Ana is considered a no soul. For thousands of years the many souls have been reincarnated over and over, as different people with different features, sometimes as different sexes. But something has happened to make Ana replace another soul. She's called a no soul by everyone else, but maybe she's just a new soul.
Incarnate is a novel that makes you think about the "meaning of life." What does it really mean to live. And what is our life really worth? With the new threat Ana poses, the other souls now wonder if this may be there last time on Earth as well.
Does having infinite number of lives make you live less?
I really enjoyed the development of Sam and Ana's relationship. There never seemed to be any unrealistic actions between them like there usually are in YA (i. e. insta-love, super attachment, rushing into things, etc.).
Would Have Been Stronger Without the Paranormal Elements
Ever since Presenting Lenore first featured this book in a prior dystopian month, I have been incredibly curious about Incarnate. Denied on NetGalley, I did not find time to read this until now. What I was expecting and what I got were entirely different things. It really kind of amazes me how little I know about books that I somehow still manage to be excited for.
Yet again, I'm deeming this not really a dystopia. Sad day. With the popularity of the genre lots of books are getting mislabeled. Actually, if anything, this seems much more like a utopian society, though one fraught with some issues. There is some amount of corruption in their governing council, but I don't think they try to control their average citizens enough to make them dystopian, though from Ana's perspective maybe they are.
The world building in this novel is straight up crazy, which I don't necessarily mean in a bad way. It's just way odder than I was anticipating. For example, I had no clue that there were going to be dragons and sylphs in this. There was also reference to trolls and centaurs, so I imagine those will show up in later installments, because why mention them if they're not going to serve a purpose in the plot? Even weirder than that, though, is the city of Heart, which the people of this world found built and waiting for them, walls, homes, temple and everything just empty and ready for them. They didn't question it; they just moved in, thank Janan. WHAT?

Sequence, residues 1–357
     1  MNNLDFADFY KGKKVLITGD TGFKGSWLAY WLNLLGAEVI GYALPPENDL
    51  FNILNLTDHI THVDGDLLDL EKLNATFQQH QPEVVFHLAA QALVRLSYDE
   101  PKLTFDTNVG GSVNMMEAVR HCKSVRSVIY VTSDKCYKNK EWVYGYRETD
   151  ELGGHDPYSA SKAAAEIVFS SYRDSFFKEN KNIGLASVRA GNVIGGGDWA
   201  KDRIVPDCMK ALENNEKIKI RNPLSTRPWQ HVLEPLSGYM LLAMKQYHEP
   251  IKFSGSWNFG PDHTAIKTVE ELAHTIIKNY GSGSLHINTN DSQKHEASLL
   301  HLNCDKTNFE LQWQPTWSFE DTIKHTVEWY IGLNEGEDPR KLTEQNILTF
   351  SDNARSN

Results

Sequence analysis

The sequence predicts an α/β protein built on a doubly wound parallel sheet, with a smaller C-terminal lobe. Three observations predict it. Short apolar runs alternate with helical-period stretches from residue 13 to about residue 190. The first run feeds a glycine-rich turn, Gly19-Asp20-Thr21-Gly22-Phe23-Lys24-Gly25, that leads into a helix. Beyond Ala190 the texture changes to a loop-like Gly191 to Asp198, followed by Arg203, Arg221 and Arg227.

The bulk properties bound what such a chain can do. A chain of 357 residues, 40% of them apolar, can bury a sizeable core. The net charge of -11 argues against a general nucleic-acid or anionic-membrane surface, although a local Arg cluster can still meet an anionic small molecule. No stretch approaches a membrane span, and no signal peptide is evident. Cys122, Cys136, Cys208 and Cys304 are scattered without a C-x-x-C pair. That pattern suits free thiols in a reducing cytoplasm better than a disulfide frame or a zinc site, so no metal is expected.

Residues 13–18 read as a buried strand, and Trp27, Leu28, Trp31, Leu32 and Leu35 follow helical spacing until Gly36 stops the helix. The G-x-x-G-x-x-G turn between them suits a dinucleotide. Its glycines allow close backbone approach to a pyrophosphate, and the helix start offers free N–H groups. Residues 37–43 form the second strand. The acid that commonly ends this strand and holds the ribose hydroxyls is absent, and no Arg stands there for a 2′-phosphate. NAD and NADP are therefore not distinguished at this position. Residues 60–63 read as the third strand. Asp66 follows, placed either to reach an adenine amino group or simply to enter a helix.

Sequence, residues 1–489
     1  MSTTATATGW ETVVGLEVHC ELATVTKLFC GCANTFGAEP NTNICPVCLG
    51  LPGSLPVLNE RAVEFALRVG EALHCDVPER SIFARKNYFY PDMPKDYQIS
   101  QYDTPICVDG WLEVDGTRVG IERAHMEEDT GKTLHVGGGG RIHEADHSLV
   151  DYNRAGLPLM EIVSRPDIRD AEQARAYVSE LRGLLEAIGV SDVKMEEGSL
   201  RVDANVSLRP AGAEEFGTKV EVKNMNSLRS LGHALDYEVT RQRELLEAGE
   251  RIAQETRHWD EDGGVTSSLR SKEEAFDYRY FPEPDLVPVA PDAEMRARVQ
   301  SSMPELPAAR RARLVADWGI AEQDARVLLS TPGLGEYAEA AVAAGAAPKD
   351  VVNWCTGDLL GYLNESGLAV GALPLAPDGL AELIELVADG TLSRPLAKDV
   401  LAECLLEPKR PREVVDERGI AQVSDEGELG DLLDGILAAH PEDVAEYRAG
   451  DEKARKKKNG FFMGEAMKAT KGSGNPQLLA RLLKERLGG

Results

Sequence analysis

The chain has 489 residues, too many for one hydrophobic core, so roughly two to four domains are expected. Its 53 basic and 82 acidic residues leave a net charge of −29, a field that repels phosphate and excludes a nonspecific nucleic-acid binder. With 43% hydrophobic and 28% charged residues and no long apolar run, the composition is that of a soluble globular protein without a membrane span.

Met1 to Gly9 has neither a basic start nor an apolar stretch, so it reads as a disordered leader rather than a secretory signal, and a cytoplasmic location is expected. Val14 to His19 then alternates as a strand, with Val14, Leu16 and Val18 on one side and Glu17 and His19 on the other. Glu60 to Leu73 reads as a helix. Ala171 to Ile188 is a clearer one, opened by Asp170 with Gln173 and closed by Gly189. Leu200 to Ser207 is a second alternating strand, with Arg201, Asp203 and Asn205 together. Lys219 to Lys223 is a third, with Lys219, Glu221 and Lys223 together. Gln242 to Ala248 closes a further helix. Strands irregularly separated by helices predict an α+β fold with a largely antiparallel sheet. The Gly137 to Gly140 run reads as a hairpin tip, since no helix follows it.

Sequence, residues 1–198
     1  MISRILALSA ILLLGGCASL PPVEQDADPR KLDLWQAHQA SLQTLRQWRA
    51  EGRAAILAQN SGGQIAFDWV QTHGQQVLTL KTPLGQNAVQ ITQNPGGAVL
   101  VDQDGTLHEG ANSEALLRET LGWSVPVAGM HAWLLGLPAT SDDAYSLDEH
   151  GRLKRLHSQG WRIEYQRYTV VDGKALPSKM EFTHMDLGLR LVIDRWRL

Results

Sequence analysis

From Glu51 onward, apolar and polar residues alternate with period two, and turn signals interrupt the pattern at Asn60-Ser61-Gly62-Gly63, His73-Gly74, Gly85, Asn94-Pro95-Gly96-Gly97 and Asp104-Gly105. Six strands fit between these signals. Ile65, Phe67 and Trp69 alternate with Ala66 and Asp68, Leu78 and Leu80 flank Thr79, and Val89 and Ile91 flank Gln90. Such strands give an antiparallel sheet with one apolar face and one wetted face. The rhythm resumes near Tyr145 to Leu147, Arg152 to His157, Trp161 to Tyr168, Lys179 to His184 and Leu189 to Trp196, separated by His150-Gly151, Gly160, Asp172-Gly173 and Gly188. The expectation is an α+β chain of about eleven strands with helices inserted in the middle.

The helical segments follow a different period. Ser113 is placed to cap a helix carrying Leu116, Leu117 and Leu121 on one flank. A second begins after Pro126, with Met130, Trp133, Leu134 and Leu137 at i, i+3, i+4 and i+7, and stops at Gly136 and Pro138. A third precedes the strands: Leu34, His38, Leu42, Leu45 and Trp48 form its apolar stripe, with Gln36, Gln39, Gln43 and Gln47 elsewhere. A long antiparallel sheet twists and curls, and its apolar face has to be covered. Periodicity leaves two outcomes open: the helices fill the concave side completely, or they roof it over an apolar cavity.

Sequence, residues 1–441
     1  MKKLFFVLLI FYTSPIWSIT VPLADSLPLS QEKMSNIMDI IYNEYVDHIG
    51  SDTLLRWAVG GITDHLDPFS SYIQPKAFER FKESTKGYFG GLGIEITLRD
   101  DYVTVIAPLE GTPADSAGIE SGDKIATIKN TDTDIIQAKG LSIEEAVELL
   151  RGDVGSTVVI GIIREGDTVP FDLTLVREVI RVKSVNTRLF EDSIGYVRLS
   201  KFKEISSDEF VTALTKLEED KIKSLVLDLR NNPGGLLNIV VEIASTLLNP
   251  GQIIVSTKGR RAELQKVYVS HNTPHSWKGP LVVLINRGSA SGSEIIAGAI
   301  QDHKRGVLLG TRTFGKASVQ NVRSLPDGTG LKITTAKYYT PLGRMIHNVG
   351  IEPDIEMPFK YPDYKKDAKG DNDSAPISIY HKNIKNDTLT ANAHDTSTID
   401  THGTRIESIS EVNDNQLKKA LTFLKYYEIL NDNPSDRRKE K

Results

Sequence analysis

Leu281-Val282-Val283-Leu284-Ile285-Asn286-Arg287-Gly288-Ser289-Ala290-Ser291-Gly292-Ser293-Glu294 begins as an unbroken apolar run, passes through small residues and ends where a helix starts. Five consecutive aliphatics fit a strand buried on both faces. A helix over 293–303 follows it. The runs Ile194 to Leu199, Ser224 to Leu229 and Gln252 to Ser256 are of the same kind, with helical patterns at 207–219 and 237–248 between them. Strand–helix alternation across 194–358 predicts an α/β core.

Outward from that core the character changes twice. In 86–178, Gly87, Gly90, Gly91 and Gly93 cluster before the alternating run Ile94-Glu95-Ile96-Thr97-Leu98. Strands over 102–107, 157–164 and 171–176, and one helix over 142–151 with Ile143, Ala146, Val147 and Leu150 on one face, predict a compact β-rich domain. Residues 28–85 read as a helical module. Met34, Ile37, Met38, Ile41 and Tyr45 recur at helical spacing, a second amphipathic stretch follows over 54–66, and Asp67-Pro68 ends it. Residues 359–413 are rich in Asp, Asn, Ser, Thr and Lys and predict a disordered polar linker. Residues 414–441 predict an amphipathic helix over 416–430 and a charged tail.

In this world, apparently, precisely one million humans live. Each of these souls reincarnates upon death, coming back in a couple of years to a new form and a new biological body and family. Everyone in Heart has been alive for five thousand years at this point. All of them have been both men and women. New experiences are few; everyone knows everyone.
Then, everything changes. Ciana dies, but she is not reborn. Instead, Ana emerges into the world, a shiny newsoul. Everyone flips out, because they fear this spells the end of their lives. Despite the fact that Ana clearly has no control over her birth, everyone blames and hates her, especially her mother, Li, who takes her to live in a rural cottage to escape from judgment. Also, being far away enables Li to mentally and physically abuse Ana without anyone knowing.
At the outset of Incarnate, 18 year old Ana has finally run away from Li, determined to learn the truth about herself in Heart. Misled by her evil old bat of a mother, Ana goes the wrong way, is attacked by sylph and nearly drowns. Thankfully, Sam happens upon her and rescues her. They form a bond and she discovers, for the first time, that people are capable of treating her well, of caring about her.
Ana made a rather indifferent heroine for me. She comes across as fairly weak, definitely depending more on Sam than is probably healthy. Then again, she basically has imprinted on him forever, since he was the first person to ever be nice to her. I do appreciate that she is at least a little bit bothered by the gap in their ages and experience; that has at least been acknowledged. Pretty much the only quality that really endeared Ana to me was her love for music. Otherwise, she didn't really stand out, much less clever and fascinating than I think I was supposed to think.
For the most part, my difficulties with Ana stem from her self-hatred. I totally get why she feels that way and, believe me, I understand what that's like. She's been torn down all of her life, so it would be impossible for her to be otherwise. Still, it's painful and annoying to sit through so many chapters of her self-doubt. Even with Sam's insistence on her awesomeness, she continues to think of herself as a nosoul for ages.
Sam, though, I actually really do like. He saved the book for me. He's nice and dependable. Aside from falling for Ana, something he seemed hesitant to do, but, thankfully, didn't brood over, he is completely non-creepy. My mental picture of him is super attractive, but he declared himself not to be, which is interesting. I wonder how reliable Ana's portrayal of him really is, considering that she, again, is biased since he was the first person in her entire life to ever be kind to her or to tell her that she has value. Their relationship strikes me as VERY unhealthy in all sorts of ways, even though I like Sam and want him to be happy. Still, finding your sense of self-worth only because of a guy isn't exactly ideal, neither for Audrey and Seymour or for Ana and Sam.